Top Stories

July 16, 2021


SBTi increase minimum target-setting requirements by 2022 to 1.5oC

The Science Based Targets initiative (SBTi) is updating its strategic approach to increase the minimum ambition for corporate climate action from "well below 2oC" to 1.5oC above pre-industrial levels, as envisioned by the Paris Agreement. When the SBTi was introduced in 2015, it encouraged businesses to set targets in line with the Paris Agreement pathways, namely 2oC, “well below” 2oC and 1.5oC trajectories. Six years on, the movement now covers nearly 20% of the global economy. As part of the new strategy, “well below” 2oC targets will be phased out from the validation framework. Any corporate that had targets approved in 2020 or earlier has until 2025 to update targets. All companies and financial institutions that submit targets from 15 July 2022 will need to align to the new criteria. (Edie)



Shell & Scottish Power submit plans for floating offshore windfarms

Energy companies Royal Dutch Shell has joined forces with Scottish Power to develop the world’s first large-scale floating offshore windfarms in the north-east of Scotland. Multiple plans have been submitted for a string of large floating offshore windfarms to Crown Estate Scotland as part of the property manager’s latest leasing round for access to the coastline. Floating turbines, which have no fixed subsea foundations, will play a key part in the government’s plan for an offshore wind boom because they can be developed in areas of very deep water where traditional offshore windfarms are not feasible. The new venture is expected to build on Scottish Power’s track record as one of the biggest offshore wind developers in the UK, and Shell’s decades-long experience working in the North Sea. (The Guardian)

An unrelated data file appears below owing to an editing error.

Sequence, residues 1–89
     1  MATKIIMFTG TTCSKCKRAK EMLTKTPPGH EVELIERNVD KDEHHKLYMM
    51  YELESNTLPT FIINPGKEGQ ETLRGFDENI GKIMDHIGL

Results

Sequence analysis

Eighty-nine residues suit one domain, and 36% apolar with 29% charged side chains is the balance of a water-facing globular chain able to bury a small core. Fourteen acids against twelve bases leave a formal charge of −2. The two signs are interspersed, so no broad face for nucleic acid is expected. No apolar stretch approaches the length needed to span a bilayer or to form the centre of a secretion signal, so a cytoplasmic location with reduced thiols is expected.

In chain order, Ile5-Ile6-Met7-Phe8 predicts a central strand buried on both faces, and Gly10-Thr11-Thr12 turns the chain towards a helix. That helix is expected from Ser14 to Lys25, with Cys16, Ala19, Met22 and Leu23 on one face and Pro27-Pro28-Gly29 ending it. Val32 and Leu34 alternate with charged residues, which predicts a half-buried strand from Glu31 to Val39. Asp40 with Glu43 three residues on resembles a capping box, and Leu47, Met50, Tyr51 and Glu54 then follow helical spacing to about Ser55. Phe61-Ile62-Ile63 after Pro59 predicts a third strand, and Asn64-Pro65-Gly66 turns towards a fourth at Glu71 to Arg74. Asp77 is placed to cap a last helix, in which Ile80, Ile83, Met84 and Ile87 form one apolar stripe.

More than 150 companies urge US Congress to pass voting rights act

More than 150 companies including Apple, Amazon, Best Buy, Google and PepsiCo urged US lawmakers to introduce and pass a voting reform act in a signed letter, as other efforts have stalled in Congress. The companies are part of a group of corporate executives called ‘Business for Voting Rights’. Some companies have spoken up in support of voting rights reforms and against restrictions on voting that have passed in Republican-controlled states including Georgia. The companies called on lawmakers to reintroduce the John Lewis Voting Rights Advancement Act, an act that would help prevent voting discrimination and set up an improved system for states to report changes in election law. Democrats are expected to reintroduce the John Lewis Voting Rights Advancement Act. (Reuters)



Insurers plan sustainable replacements for car & property write-offs

Insurers could replace written-off or stolen petrol cars with electric vehicles, and damaged gas boilers with more sustainable models as part of a wide-ranging plan to improve sustainability. The Association of British Insurers (ABI) said its Climate Change Roadmap could "herald a new approach" to the many thousands of claims settled each year. The ABI believes it can have a significant impact on improving transport emissions and other environmental issues, aiming to move insurers towards a net-zero target. As part of its plans, consumers may be encouraged to accept repaired or recycled items as part of a settlement for damaged or stolen property, rather than brand new items. Under the roadmap, insurers will also investigate how items damaged during a flood or storm could be sent for re-use or repair. (BBC News)



Net-zero Statement of Support signed by 14 major UK pension funds

The chairs of corporate pension funds including Tesco, Barclays, HSBC, Unilever, BT and Pennon are among the signatories of the new ‘Net-Zero Statement of Support’ commitment to halve portfolio emissions by 2030 and bring them to net-zero by 2050. Signatories of the commitment, led by the Prince of Wales’ ‘Accounting for Sustainability’ (A4S) initiative, collectively manage almost £268 billion in assets, and it is hoped that dozens more names will sign on ahead of COP26 in November. The initative commits supporters to announcing net-zero targets within 12 months of signing on, supported by 1.5oC-aligned interim goals. For signatories that have already set net-zero targets, their key aims of participating in A4S’s commitment will be sharing experiences and practices with other members and encouraging other schemes globally to follow suit. (Edie)

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Senior Climate Change Consultant, London

Executive Assistant and Office Manager, New York

Sustainability Senior Consultant, North America

Sustainability Senior Researcher, North America